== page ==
Dawn by H. Rider Haggard

THE FRONT GARDEN THE FRONT GARDEN I THINK that it was in an article by a fellow-scribe, where, doubtless more in sorrow than in anger, that gentleman exposed the worthlessness of the productions of sundry of his brother authors, in which I read that whatever success I had met with as a writer of fiction was due to my literary friends and 'nepotic criticism.' This is scarcely the case, since when I began to write I do not think that I knew a single creature who had published books—blue books alone excepted. Nobody was ever more outside the ring, or less acquainted with the art of 'rolling logs,' than the humble individual who pens these lines. But the reader shall judge for himself.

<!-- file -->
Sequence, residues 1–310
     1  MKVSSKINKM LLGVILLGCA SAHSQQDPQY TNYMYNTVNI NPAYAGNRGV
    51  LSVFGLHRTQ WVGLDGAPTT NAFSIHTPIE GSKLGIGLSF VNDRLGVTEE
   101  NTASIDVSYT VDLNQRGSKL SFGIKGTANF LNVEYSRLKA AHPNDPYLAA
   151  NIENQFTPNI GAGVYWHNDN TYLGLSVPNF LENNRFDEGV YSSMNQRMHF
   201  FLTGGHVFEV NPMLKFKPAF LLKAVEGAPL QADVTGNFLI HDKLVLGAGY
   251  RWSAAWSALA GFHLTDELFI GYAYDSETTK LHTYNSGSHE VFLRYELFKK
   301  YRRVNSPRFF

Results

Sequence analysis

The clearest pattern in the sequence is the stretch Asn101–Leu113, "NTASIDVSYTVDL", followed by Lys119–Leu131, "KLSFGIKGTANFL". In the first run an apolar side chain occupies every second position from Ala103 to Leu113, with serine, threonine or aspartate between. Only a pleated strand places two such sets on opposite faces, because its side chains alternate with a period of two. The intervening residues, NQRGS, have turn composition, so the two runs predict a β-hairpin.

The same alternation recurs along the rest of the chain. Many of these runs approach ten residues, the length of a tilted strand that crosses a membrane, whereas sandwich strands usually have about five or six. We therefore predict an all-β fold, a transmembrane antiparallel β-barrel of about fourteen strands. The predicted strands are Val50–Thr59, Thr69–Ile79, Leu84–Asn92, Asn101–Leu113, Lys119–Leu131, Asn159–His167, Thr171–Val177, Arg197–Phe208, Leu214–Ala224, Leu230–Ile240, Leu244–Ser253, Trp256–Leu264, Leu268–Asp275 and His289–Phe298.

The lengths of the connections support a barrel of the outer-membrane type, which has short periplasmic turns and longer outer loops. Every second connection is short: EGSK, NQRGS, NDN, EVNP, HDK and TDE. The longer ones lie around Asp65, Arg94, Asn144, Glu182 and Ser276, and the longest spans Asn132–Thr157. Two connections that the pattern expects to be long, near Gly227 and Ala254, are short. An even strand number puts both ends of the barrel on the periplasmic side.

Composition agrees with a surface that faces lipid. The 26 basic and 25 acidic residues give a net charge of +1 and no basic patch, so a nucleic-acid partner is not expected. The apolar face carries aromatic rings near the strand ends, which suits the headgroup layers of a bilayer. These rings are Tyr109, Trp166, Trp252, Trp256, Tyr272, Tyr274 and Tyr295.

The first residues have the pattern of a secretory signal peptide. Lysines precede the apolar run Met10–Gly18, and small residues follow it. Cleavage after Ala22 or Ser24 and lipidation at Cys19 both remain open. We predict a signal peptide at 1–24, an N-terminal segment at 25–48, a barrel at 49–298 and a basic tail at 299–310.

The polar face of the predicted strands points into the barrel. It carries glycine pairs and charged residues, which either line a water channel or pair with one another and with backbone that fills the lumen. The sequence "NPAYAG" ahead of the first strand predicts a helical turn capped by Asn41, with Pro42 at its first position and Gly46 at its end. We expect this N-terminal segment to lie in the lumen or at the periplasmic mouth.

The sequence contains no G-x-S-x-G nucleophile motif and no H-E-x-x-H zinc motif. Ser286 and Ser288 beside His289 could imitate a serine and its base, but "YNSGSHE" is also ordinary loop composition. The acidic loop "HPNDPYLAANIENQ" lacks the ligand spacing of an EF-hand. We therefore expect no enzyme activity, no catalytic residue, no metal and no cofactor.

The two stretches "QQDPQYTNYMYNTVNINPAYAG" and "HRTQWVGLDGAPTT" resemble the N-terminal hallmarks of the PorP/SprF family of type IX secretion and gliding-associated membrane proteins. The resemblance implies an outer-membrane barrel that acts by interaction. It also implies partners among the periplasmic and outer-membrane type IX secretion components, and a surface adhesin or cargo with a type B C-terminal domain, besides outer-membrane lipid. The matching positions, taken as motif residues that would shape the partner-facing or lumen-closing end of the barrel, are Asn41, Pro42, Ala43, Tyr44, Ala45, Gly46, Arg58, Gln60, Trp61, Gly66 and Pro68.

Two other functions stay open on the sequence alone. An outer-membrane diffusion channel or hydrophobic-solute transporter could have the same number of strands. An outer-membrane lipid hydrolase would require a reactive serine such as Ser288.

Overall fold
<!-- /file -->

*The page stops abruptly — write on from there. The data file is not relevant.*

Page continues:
To begin at the beginning: My very first attempt at imaginative writing was made while I was a boy at school. One of the masters promised a prize to that youth who should best describe on paper any incident, real or imaginary. I entered the lists, and selected the scene at an operation in a hospital as my subject. The fact that I had never seen an operation, nor crossed the doors of a hospital, did not deter me from this bold endeavour, which, however, was justified by its success. I was declared to have won in the competition, though, probably through the forgetfulness of the master, I remember that I never received the promised prize. My next literary effort, written in 1876, was an account of a Zulu war dance, which I witnessed when I was on the staff of the Governor of Natal. It was published in the Gentleman's Magazine, and very kindly noticed in various papers. A year later I wrote another article, entitled 'A Visit to the Chief Secocoeni,' which very nearly got me into trouble. I was then serving on the staff of Sir Theophilus Shepstone, and the article, signed with my initials, reached South Africa in its printed form shortly after the annexation of the Transvaal. Young men with a pen in their hands are proverbially indiscreet, and in this instance I was no exception. In the course of my article I had described the Transvaal Boer at home with a fidelity that should be avoided by members of a diplomatic mission, and had even gone the length of saying that most of the Dutch women were 'fat.' Needless to say, my remarks were translated into the Africander papers, and somewhat extensively read, especially by the ladies in question and their male relatives; nor did the editors of those papers forbear to comment on them in leading articles. Shortly afterwards, there was a great and stormy meeting of Boers at Pretoria. As matters began to look serious, somebody ventured among them to ascertain the exciting cause, and returned with the pleasing intelligence that they were all talking of what the Englishman had written about the physical proportions of their womenkind and domestic habits, and threatening to take up arms to avenge it. Of my feelings on learning this news I will not discourse, but they were uncomfortable, to say the least of it. Happily, in the end, the gathering broke up without bloodshed, but when the late Sir Bartle Frere came to Pretoria, some months afterwards, he administered to me a sound and well-deserved lecture on my indiscretion. I excused myself by saying that I had set down nothing which was not strictly true, and he replied to the effect that therein lay my fault. I quite agree with him; indeed, there is little doubt but that these bald statements of fact as to the stoutness of the Transvaal 'fraus,' and the lack of cleanliness in their homes, went near to precipitating a result that, as it chanced, was postponed for several years. Well, it is all done with now, and I take this opportunity of apologising to such of the ladies in question as may still be in the land of life.